The same-sex marriage bill, which passed the Assembly for the third
time last night with virtually no debate and a 88-51 vote, is teed up
and ready to be moved to the floor of the Senate for debate.
We're told that the bill is now certain to come to the floor sometime
after the DRP ((Deficit Reduction Package)) passes... But whether it
has the 32 votes necessary to pass is anyone's guess.
It seems like it will finally happen. It could have happened six
months ago, until the New York State Senate became a circus act, and
it could have happened weeks ago, when Governor Paterson first called
the legislature back into special session.
I'll believe that it passed only when I see it in writing, but others
are more optimistic. See why below.
From the same source:
One Senate Democratic source expressed confidence, saying:
"We said from the start that we weren't going to take it up until
we had the votes to pass it, and we're taking it up today."
And according to some obscure tweeter by the name of Markos Moulitsas, which I just saw reported on another diary
The good news? Today, the NY Senate will pass the gay marriage bill.
The votes are there.
Passage would be a continuation of the uplifting reversal of equal
rights progress that has occurred since it hit bottom on election day
in Maine: Washington State, elections of gay officials in Atlanta, the
equal marriage rights vote in Washington DC yesterday, court cases
undermining DOMA, even passage of a law protecting some rights for gays
But it would be far more than that. A state representing more than 6%
of the entire population of the United States would suddenly have
equal marriage rights, making the issue more and more difficult to
ignore on a national level. New Jersey politicians, now hiding behind
their own shadows -- afraid to vote on the issue -- would come under
probably overwhelming pressure to have a vote. Certainly momentum
would build in Congress for a vote on a bill currently under
consideration extending benefits to same-sex couples, and calls for
votes on DADT and DOMA would increase.
The one thing it would be unlikely to do is push California to vote on
repealing Proposition 8 in 2010, since almost all the major
organizations in the state working for repeal have concluded that it
is far better to have than campaign in 2012. At this point, unless
both NY and NJ pass equal marriage rights, and the polls take a
statistically significant shift in favor of same-sex marriage, I
unfortunately have to concur.
Of course there's still a good chance of defeat; no one has ever put
together a list of the 31 NY State Senators who are to vote for equal
marriage rights, thereby ensuring its passage (assuming the Lt.
Governor, a Paterson appointee, breaks the tie in favor).
Defeat would be a bummer, but it's a risk that's well worth taking.
Not doing anything is just about as bad as a defeat, and the upside
of victory should be significant.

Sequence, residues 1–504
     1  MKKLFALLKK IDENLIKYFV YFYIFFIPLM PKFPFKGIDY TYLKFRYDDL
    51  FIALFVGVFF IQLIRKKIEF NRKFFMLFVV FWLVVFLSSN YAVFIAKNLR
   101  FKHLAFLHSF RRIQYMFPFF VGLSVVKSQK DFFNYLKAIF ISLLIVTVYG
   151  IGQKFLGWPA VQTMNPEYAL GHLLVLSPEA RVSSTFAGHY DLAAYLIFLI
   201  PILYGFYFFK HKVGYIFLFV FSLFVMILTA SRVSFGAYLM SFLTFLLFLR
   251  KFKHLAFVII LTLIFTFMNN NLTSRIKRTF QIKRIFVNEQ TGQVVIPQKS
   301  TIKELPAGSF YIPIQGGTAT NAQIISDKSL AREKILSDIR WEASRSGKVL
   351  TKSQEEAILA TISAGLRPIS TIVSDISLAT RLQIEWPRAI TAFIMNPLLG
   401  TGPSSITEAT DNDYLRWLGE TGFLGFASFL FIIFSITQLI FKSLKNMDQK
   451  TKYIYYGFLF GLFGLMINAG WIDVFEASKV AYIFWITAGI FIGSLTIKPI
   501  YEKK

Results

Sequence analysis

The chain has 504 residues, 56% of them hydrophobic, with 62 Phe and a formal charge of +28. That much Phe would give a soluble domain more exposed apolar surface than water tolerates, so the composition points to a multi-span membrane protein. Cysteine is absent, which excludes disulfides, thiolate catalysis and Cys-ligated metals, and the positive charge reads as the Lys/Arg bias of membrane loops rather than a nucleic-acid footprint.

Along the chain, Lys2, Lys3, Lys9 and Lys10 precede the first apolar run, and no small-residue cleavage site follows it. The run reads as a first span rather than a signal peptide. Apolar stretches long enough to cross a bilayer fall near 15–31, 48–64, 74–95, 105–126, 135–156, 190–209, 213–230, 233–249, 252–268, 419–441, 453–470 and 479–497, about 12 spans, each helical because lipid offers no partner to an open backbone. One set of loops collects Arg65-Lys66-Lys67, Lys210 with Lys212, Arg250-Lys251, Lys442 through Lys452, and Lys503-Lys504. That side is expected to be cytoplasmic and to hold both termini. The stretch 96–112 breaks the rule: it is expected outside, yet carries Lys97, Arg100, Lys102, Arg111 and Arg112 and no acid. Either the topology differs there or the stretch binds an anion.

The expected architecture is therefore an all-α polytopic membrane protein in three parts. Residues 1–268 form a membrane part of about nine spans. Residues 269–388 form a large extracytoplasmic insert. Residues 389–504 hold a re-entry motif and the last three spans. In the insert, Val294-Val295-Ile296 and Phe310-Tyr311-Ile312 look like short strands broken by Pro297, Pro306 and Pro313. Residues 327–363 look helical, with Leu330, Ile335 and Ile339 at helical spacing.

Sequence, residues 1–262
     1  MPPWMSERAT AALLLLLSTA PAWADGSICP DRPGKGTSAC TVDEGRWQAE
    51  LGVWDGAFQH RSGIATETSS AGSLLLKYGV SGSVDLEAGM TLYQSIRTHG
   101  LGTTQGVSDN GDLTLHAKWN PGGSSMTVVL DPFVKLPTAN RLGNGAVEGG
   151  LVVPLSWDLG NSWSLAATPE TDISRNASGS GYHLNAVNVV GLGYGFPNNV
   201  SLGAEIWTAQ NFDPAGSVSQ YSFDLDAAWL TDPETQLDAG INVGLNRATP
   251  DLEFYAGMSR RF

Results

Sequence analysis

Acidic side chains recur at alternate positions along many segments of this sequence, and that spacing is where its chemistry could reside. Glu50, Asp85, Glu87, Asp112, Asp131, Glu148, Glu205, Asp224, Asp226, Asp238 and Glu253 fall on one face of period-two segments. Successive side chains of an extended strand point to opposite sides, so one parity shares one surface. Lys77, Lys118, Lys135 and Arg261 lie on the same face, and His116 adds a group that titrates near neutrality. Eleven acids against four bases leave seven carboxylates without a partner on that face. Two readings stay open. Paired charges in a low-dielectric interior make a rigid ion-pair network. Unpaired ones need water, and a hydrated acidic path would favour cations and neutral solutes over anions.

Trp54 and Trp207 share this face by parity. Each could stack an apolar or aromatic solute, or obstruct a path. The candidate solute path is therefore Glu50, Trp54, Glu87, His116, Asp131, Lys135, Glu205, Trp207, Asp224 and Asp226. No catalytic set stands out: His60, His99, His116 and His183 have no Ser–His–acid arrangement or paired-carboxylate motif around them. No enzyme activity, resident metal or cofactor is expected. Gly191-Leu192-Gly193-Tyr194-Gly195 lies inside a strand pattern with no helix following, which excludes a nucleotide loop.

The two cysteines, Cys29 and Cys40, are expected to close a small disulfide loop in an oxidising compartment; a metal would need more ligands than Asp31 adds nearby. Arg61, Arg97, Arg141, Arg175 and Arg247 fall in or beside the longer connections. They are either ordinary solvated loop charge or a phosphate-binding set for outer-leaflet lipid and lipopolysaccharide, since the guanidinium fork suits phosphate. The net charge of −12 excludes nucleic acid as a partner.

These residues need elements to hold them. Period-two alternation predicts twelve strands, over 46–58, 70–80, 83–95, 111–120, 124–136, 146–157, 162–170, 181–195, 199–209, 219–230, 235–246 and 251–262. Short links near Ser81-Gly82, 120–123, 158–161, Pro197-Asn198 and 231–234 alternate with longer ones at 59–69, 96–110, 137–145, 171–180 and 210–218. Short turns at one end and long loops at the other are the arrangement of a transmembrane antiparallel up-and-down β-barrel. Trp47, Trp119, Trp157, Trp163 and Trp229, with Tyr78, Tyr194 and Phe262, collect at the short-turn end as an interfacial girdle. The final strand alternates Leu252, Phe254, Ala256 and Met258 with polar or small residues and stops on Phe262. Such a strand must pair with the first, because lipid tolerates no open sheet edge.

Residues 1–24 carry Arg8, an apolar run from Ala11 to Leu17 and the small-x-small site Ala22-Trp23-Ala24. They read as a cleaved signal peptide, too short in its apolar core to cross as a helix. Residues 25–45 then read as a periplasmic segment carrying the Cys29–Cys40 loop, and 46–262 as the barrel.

Update: Debate on bill now happening: http://www.nysenate.gov/...
Senator Ruben Diaz, opponent, now speaking with forked tongue.
Sen. Ruben Diaz Sr., the chamber's most outspoken opponent to gay marriage, has the floor. He just accused Senate President Malcolm Smith of "treason" for breaking his promise and allowing the bill to come to the floor. Benjamin
Update: Senator Eric Adams excoriating Ruben Diaz. Reading a list of states that sold blacks on the open market. Reading texts that
supported denials of interracial marriage. YEAH!!!!!!!
Update: Senator Valesky, noting that religion has nothing to do with this issue, as it pertains to state law. He will support, and was previously uncommitted.
Update: Senator Espada, majority leader. "A vote of conscience."
Update: Senator Serrano. "History has proved extending civil rights further will make us stronger."
Update: Senator Hassell-Thompson. Undecided. Oldest brother was gay. Wow, an amazing story. Must be voting yes! YES!!
Update: Senator Johnson. "Martin Luther King smiling down on us today from above."
Update: Senator Smith, President Pro Tempore. "When you experienced discrimination, it hurt." "The world was supposed to come to and end when I was given civil rights. We're all still here."
Update: Senator Duane. (to close). Is debate ending?
Brace yourself. Here comes the vote.
Sen. Tom Duane is closing the debate, urging his colleagues who might be leaning toward "no" to reconsider, saying: "There is still time to feel my gratitude in its fullness."
Not a single Republican member has said a word during the more than two hours that this debate has lasted.
Senator Smith mentioned 35 votes. Apparently the Lt. Governor is not in Albany and there is some question whether he can cast a tie-breaking vote in this case. That means we need 32 votes...
Update: Duane still rambling. Finally talking about something significant -- internment camps, Chinese immigrant discrimination. Wouldn't we want to do it differently? Let's not have to do it over. Mentioning Harvey Milk.
Update: Debate is closed. Sound stopped. No idea what is happening. Request for slow roll call, whatever that is. Apparently they will vote very soon.
Update: Here we go. Adams Yes. Cannot here the yesses and nos. Completely useless. No idea what is happening.
Update: Vote done. No sound. 24-38. Lost. Badly. Amazing.